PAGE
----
Olivia revealed that almost half of guests (47%) have ordered room service in a hotel according to Zonal’s research, and with increased demand for stays in UK hotels this year, hoteliers should be looking to technology to capitalise on this opportunity and boost drinks sales from the bar.

“For example, hotel bars that offer ‘order to room’ as a service to customers will enable them to bring the bar experience to their room, further enabling guests to shape their stay as they wish. Not only this, but hoteliers that integrate EPoS and PMS systems will be able to charge a customer’s bar tab to their room, making it easier for guests staying at the hotel to use the bar”, said Olivia.

Making customers’ hotel and bar experience seamless will encourage guests to make use of all the facilities available at a hotel rather than going elsewhere, driving additional spend per head.

Olivia also spoke on how digital ordering and payment has become an important part of the overall customer experience in hospitality, and presents an opportunity for hotel bars to provide customers with choice.

Consumers report that they enjoy the speed of service tech offers, with research in partnership with KAM Media finding that 42% of people say that a venue offering mobile phone ordering and payment has become more important to them.

“Our GO Technology research findings, in partnership with CGA, echo this, with 79% of consumers stating they are happy with the ease and speed of payment when paying digitally. While consumers will always value face to face interaction in pubs and bars, offering customers the option of contactless order and pay solves a common pain point for consumers – reducing wait time at the bar or to pay a tab. Therefore, it is important to recognise that digital ordering and payment tech is not a ‘one size fits all’ solution. In the first instance, it is important for hoteliers to consider which type of solution is best suited to the venue’s needs, for example considering web-based order and pay as well as an app. Whichever operators choose, the most important consideration is that it provides a frictionless experience for guests, offering them choice to either order and pay digitally or chat to a member of staff – or a combination of both”, added Olivia.

It is important to remember that now more than ever, consumers are looking for personalised experiences. In fact, we know that 80% of consumers are interested in some form of personalisation from the hospitality venues they visit and two of the most popular forms of personalisation  include personalised discounts and deals, as well as loyalty schemes.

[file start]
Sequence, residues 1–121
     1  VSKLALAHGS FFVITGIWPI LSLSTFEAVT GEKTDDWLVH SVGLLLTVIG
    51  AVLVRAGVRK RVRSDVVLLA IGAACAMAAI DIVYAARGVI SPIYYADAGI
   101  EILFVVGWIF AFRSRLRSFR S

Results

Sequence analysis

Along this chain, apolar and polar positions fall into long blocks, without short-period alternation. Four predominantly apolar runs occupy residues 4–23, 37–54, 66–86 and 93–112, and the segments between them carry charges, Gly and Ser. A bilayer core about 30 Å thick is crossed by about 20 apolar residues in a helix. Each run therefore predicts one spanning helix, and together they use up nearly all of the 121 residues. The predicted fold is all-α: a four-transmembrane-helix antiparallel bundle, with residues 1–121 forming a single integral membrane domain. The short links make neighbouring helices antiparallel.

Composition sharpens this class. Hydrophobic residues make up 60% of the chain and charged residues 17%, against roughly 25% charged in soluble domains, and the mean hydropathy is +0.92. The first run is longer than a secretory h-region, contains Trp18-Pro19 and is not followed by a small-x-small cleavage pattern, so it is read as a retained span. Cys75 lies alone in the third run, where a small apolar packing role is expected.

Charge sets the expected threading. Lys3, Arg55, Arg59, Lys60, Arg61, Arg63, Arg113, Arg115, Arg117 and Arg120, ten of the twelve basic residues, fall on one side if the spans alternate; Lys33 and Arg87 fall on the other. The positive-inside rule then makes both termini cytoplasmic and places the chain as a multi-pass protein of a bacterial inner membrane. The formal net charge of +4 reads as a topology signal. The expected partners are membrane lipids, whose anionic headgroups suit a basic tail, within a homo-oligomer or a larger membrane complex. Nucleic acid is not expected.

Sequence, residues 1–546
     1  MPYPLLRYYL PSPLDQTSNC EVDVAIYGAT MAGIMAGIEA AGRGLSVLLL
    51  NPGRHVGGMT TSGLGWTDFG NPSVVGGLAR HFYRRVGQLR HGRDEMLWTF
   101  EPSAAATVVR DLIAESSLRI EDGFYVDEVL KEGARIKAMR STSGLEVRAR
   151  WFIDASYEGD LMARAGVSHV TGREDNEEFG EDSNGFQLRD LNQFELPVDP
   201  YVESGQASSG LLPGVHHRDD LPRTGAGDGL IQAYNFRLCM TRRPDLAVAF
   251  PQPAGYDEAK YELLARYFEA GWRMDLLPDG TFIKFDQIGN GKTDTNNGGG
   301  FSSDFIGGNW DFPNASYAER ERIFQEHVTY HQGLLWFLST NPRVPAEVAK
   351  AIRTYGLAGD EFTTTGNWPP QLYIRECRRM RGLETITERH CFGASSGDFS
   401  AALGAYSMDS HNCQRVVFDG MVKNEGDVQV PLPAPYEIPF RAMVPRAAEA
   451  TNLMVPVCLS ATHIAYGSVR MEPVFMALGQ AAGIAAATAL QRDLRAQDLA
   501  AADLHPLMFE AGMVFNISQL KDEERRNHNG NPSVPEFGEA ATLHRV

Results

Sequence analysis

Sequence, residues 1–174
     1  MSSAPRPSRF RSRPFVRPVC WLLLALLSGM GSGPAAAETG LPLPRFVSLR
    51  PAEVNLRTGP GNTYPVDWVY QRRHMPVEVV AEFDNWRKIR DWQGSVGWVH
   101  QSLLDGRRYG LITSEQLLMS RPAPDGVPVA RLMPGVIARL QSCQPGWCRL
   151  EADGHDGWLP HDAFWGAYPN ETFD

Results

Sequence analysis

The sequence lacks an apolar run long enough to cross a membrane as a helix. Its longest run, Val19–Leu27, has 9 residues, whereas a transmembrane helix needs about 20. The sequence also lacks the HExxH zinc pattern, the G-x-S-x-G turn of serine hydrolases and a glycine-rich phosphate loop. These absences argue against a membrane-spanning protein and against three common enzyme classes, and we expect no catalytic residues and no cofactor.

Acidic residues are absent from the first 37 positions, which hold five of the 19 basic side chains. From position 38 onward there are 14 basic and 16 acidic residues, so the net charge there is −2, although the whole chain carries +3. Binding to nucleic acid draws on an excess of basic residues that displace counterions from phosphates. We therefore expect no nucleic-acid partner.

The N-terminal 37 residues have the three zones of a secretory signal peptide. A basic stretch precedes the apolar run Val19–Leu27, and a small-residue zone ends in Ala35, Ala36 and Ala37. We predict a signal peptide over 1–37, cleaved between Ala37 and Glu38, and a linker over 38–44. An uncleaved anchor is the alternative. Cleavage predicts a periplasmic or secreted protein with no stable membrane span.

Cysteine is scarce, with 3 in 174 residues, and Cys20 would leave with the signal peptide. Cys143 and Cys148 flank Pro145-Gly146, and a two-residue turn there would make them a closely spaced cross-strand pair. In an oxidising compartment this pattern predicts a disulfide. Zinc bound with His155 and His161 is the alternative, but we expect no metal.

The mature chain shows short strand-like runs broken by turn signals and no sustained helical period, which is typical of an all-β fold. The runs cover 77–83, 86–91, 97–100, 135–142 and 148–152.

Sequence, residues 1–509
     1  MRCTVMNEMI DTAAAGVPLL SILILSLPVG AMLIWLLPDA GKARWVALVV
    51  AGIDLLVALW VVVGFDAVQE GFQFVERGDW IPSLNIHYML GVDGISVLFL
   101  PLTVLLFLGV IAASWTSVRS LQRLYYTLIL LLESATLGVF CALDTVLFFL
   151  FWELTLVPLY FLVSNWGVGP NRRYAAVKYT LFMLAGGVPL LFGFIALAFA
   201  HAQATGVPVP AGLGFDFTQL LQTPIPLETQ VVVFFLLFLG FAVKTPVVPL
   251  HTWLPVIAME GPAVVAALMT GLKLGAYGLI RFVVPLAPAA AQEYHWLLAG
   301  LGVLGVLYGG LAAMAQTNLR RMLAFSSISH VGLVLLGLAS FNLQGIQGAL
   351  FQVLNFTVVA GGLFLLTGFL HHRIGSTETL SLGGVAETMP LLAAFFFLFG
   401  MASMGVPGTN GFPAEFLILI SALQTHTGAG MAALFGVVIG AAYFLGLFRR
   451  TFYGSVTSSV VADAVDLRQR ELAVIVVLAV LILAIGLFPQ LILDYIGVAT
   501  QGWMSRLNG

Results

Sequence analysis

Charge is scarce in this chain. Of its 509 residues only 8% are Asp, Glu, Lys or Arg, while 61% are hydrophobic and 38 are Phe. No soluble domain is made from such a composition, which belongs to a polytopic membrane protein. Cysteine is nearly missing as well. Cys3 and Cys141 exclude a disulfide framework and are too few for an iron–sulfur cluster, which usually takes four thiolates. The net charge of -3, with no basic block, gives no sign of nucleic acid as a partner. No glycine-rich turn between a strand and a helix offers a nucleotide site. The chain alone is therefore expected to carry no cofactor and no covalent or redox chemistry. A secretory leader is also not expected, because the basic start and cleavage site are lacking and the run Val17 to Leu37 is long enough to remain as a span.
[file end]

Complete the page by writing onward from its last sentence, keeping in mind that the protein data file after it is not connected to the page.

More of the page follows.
Finally, just like any other pub or bar, Olivia revealed that hoteliers would benefit from implementing technology that helps improve operational efficiency. In order for a hotel bar to be successful and popular amongst both guests and customers not staying at the venue, it is important to avoid having a lack of stock, which can cause customer frustration and impact sales. Technology can help remove the risk of this happening before it has even occurred.

Ultimately, for hoteliers to entice customers to use the hotel bar and to deliver an exceptional guest experience, technology is key.

“Implementing the right technology can also help hoteliers make operations more streamlined and efficient, reducing the risk of errors and providing staff with more time to focus on customers’ needs, all of which is vital in delivering an exceptional guest experience”, Olivia finished.

Steve Ellis, Restaurant General Manager at Lime Wood Hotel, explained how the bar at Lime Wood is definitely the central hub of the hotel; noting the change of the drinks selection getting wider, he said: “Not just at Lime Wood but everywhere. Everything from craft beers to inventive cocktails are having a real renaissance.”

At Lime Wood, they recognise the importance of defining a hotel bar’s identity and clearly establishing what type of experiences they want to offer, whilst also keeping in mind expectations of the target audience and staying true to the vision of the hotel.

“Exceptional service is something that we pride ourselves on at Lime Wood and remains a top priority when
considering entertainment options for the bar.”

“Another element which we have noted when considering the introduction of entertainment, following Lime Wood’s recent refurbishment, we have really noticed how important the design layout of the bar is. The clusters of chairs and sofas are thoughtful in creating spaces that allow for both entertainment and atmosphere, as well as our quieter, more private spots for a relaxing drink, such as The Drawing Room and The Library, which are set just off the hotel’s main bar.”

Hotel bars are moving away from the traditional cookie-cutter designs, and adopting unique themes and concepts to create a more immersive experience for their guests. The focus now is on creating a distinct ambience, and introducing memorable elements which will set you aside from the fierce competition.